by Peter Anderson
I cross the campus toward familiar buildings:
Popís Café is just over the street.
Then thereís Phineas Court, the student digs
Where Charlie stays
With his cats and crates of beer and books. Beyond,
Towards the city, itís all
Blank white concrete and high-rises,
Hazy blue and dream-like in the distance.
Mild enough: I take it all
For granted. Peace.
An ordinary day. Sleepy,
In winter sunshine,
I go my way.
A hoarse thudding chatter
Grows in the sky. Not very high,
Just clearing the top
Of the nearest building,
A helicopter gunship comes nosing around,
Intent: a piece of heavy machinery bound
For the horizon, and Soweto. Ponderous,
With patches of paint in smears
Of Army brown and Army green,
And a bubble on top
Where the pilot sits
(A man like me? I donít know.
But I can almost see his broad
Relaxed hands manipulating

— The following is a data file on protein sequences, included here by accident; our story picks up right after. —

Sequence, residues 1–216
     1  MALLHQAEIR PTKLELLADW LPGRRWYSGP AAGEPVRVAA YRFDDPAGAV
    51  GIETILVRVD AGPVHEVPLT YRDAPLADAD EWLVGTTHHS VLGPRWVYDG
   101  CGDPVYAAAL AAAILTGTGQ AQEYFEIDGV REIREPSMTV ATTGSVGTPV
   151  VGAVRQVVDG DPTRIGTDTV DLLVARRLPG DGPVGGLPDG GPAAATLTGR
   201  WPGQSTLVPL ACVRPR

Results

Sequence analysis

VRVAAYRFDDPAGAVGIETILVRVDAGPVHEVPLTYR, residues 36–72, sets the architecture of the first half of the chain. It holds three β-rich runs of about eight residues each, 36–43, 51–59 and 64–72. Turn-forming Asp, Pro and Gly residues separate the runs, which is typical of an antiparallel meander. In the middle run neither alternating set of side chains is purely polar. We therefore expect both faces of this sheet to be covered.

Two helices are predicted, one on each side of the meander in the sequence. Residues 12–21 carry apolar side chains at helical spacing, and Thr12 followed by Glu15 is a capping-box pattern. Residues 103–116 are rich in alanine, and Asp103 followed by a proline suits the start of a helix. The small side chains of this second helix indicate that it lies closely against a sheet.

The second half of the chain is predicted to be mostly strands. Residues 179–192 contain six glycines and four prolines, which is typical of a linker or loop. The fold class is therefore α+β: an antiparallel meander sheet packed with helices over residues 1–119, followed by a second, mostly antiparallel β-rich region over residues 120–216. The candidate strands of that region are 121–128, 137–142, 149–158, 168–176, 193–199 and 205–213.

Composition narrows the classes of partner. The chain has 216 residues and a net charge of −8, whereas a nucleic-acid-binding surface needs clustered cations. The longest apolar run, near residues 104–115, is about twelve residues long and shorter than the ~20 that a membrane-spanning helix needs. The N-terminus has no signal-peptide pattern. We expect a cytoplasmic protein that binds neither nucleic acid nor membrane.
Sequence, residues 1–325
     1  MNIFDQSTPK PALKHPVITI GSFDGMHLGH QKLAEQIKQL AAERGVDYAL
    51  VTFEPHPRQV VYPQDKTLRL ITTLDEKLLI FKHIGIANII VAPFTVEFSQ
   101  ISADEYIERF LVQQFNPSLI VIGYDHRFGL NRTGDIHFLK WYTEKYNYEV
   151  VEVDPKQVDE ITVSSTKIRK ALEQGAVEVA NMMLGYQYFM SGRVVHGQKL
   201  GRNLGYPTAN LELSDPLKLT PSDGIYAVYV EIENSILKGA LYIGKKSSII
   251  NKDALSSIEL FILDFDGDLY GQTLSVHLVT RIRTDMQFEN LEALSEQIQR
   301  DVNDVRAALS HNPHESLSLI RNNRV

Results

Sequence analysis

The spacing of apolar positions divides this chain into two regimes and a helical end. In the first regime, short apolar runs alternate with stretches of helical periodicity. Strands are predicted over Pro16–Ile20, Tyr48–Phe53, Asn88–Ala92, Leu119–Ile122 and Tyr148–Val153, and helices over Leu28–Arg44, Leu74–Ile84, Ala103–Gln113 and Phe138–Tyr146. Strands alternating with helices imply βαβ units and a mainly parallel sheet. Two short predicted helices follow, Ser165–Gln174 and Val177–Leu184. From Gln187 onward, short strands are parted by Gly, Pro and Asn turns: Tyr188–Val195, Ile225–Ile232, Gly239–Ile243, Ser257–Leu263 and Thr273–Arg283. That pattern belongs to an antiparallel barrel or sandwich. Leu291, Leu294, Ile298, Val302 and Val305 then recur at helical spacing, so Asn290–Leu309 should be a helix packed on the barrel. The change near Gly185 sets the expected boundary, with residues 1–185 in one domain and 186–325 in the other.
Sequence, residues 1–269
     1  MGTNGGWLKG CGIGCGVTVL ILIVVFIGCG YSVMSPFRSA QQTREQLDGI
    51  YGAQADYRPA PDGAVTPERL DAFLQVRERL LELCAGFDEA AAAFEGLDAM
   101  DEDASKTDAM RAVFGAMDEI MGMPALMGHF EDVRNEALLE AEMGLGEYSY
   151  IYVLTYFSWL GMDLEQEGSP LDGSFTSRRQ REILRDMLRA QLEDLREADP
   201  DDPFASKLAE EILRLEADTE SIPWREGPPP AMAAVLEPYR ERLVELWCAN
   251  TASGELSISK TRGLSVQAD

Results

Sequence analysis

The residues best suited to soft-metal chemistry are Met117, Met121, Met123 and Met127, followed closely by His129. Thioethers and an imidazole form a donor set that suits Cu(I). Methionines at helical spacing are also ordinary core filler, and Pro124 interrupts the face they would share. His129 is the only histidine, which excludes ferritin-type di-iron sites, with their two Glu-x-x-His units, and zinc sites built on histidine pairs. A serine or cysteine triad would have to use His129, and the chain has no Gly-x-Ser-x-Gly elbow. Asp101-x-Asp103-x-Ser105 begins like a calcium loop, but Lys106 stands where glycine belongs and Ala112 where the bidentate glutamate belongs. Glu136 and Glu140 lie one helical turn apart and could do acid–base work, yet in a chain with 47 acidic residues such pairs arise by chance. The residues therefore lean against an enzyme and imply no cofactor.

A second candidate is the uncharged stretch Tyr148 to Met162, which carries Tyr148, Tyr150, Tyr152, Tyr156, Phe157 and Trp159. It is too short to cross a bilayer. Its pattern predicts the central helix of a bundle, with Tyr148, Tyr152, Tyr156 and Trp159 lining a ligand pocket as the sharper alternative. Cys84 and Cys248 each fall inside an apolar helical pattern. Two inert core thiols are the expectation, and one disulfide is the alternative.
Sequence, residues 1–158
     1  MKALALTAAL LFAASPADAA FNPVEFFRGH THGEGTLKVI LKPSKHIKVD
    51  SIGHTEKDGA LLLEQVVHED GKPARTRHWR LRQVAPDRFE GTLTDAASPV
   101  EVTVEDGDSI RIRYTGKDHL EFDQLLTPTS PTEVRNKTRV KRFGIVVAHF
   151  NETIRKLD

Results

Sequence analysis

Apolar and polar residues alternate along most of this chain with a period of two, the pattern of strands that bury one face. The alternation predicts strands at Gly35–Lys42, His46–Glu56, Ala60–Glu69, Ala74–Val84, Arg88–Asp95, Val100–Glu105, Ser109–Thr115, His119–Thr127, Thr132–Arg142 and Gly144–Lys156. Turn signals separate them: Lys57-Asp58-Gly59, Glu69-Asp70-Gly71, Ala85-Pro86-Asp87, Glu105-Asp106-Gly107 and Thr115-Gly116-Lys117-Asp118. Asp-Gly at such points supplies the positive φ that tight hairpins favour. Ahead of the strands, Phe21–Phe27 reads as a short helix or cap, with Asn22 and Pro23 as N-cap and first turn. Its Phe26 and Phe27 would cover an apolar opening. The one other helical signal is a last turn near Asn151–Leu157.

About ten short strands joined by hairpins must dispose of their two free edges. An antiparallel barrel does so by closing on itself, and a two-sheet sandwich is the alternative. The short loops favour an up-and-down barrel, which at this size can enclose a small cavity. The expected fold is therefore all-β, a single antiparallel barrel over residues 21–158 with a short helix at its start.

The controls), and from the belly
Of the pregnant power he rides, the snouts
Of guns. The hammering chopper hovers,
Glutting itself, over the street,
Then pushes on. Its shadow snatches over me,
The sound quite suddenly recedes.
I had wanted to say:
The grass around the fountain,
Looks gentle, exhausted. Itís
Like chips of shredded wood.
And the fountain itself, dry now
Many a day
On account of
The drought, has two
Little bronze buck
Over a bowl of concrete.
(And so on. Quite simple nothings.)
Instead, with the robot against me
I cross the street.
It closes around me
A river of hot iron.
Copyright © 2000 by Peter Anderson.
Reprinted from Vanishing Ground
by Peter Anderson, with the permission of Quartz Press, Republic
of South Africa.